This review is written with Total War players in mind. As such, it will not adress basic gameplay that is inherent in all Total War games, such as turn based production and real time battling, but rather will compare Empire: Total War with other Total War titles.
As a Total War fan, my personal preference goes to this title, Empire. I like most Total War games, but Empire stands out to me. For one, I enjoy the historic time period. For two, it plays the most 'different' from the other titles.
Older titles, such as the first Rome: Total War game and Medieval II, heavily favour an agressive play style, with a lot of chaotic melees. Later games, such as Rome II and Shogun II, lean more towards a balanced stance between agression and response, depending on how superior your battlefield position and force is.
Empire: Total War, in contrast, is a game of patience. Instead of charging into melee, the gameplay entails meticulously positioning lines of infantry and laying down volleys of fire. Mirorring the idea of the age, it is the 'gentleman's edition' of Total War. The Fall of the Samurai expansion to Shogun II comes closest to the Empire style of play, with rifle armed infantry and gatling guns, and keeps the option to go into melee samurai charge mode, but Empire remain the only edition (excluding Napoleon: Total War) to favour a line to line exchange of fire.
Another difference is the naval battles. Granted, later editions in the Total War series incorporate these as well, but Romans or Edo era Japanese boats firing on one another with arrows pale next to the awesome power of a multiple deck ships of the line wailing away at one another. Again, Fall of Samurai introduces ironclad ships that approach this somewhat.
Of course, later titles have more recent, better developed versions of some of the aspects of Empire, and there are some other downsides to Empire. As usual with a Total War title, Creative Assembly has a tendency to leaving things not as smooth as they could have been. Most bugs have been smoothed out after release, as they usually are, but some small problems remain here and there (such as batteries of cannon simply not firing unless directed to do so in a very specific way).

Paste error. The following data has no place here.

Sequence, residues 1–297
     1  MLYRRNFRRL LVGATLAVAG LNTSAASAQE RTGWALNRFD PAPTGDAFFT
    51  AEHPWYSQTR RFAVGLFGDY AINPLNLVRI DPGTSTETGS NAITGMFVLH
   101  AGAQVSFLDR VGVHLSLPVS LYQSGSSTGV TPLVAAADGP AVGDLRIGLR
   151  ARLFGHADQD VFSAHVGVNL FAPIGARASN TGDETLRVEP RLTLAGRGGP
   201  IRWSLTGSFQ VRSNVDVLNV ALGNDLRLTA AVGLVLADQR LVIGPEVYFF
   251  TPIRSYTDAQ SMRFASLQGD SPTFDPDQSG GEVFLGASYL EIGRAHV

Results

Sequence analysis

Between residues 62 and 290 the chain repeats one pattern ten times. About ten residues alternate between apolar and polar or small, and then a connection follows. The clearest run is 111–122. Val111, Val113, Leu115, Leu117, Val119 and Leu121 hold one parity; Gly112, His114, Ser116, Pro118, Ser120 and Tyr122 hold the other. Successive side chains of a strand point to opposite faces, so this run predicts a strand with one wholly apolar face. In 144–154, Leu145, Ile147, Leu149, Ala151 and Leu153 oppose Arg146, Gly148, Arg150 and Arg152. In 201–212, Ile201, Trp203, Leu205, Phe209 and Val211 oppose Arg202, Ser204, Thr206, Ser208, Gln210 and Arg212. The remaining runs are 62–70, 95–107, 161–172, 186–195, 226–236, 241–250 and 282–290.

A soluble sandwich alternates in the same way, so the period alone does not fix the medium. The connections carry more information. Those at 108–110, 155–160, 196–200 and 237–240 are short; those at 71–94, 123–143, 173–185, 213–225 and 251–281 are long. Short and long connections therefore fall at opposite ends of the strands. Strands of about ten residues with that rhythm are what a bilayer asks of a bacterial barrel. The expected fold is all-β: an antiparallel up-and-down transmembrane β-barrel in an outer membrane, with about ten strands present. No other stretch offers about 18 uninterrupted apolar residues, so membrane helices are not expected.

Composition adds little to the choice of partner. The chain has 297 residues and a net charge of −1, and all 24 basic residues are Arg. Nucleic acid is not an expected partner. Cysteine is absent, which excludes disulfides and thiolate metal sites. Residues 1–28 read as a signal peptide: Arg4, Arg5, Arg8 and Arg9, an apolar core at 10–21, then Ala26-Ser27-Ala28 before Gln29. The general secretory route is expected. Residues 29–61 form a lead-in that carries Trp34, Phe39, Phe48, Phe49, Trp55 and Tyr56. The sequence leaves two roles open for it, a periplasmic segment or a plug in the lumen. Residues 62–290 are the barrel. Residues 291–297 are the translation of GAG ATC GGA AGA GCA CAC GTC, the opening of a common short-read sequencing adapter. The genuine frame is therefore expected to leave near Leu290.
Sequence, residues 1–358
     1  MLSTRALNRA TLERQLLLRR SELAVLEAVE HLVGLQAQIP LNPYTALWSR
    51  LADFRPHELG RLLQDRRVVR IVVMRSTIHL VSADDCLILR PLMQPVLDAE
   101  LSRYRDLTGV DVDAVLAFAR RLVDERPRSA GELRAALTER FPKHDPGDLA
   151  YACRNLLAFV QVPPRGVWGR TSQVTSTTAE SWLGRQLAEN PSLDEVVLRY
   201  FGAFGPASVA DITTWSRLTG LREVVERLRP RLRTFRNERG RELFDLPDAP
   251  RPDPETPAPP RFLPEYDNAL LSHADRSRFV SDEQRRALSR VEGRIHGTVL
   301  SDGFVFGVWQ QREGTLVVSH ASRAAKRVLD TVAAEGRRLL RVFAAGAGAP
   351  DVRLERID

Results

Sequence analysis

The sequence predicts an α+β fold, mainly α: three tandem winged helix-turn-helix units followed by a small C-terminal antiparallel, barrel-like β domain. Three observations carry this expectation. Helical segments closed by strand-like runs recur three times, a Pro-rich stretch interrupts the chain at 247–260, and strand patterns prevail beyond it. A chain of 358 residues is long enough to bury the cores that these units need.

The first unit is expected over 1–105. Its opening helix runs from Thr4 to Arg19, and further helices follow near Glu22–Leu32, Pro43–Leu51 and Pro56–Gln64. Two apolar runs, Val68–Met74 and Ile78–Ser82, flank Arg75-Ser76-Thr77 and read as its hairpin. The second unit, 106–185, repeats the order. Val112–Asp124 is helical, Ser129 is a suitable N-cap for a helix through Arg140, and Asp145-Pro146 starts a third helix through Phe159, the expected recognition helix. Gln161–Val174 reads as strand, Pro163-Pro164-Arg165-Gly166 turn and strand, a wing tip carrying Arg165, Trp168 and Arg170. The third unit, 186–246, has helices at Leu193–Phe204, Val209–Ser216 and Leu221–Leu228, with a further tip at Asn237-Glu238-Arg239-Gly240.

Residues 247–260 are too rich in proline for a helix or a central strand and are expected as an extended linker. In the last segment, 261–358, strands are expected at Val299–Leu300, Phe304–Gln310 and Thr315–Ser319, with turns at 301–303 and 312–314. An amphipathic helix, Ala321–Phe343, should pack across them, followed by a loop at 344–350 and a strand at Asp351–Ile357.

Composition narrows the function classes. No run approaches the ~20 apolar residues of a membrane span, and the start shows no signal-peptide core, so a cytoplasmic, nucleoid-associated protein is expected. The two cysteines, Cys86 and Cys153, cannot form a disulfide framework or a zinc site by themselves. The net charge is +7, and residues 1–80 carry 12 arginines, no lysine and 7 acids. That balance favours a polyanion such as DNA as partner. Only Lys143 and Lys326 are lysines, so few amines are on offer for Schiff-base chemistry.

Additionally, while the battles themselves offer some of the most unique Total War battle experiences, the map campaign improves little on previous editions. Not that this is necessary, because the region based resources and capture cities work well for the entire series. However, there is one significant improvement to me here, and that is that the map spans the most territory of any Total War game. Where Rome II limits itself to Europe and North Africa, and Shogun II is set in Japan, Empire scopes the entire Western dominated world of the Elizabethan age: Europe, North America, Africa and the Indies. The later release Napoleon: Total War does not nearly reach the score Empire does, and its campaigns are focused on smaller scale conquest rather than the world theatre of Empire.
As for the research system, it seems that the Empire title marks the start of an overhaul, where the series starts mimicing the more traditional 'tech tree' idea that prevails in many strategy games. This is not a bad thing, but it is an addition that was perhaps not entirely necessary. All the more so because sometimes it seems like a shoehorn to introduce the game's traditional late game obstacle. Every Total War game has some sort of hindering mechanic that makes the game prgressively more difficult as time advances. In Empire, research (which you need to keep up with your modernizing rivals) introduces squalor, which makes for an unhappy populace, which makes you either have to sink money into keeping them happy or have to deal with rebellions.
If you prefer a more agressive slugfest in a game, I would suggest Rome II, Shogun II, or if you don't mind some more antiquated aestethics and graphics, Medieval II.
If you like your games new and crisp, the more recent titles are sure to be your thing as well. If you want a more modern game that still uses line infantry and gun batteries, Shogun II's Fall of the Samurai expansion is your ticket.
But if you want a true, professional standing army of line infantry that knows how to hold under fire as well as deliver it, if you want to be a gentleman general of standing, if you want an 18th century battlefield, then this, my friend, this is the game for you.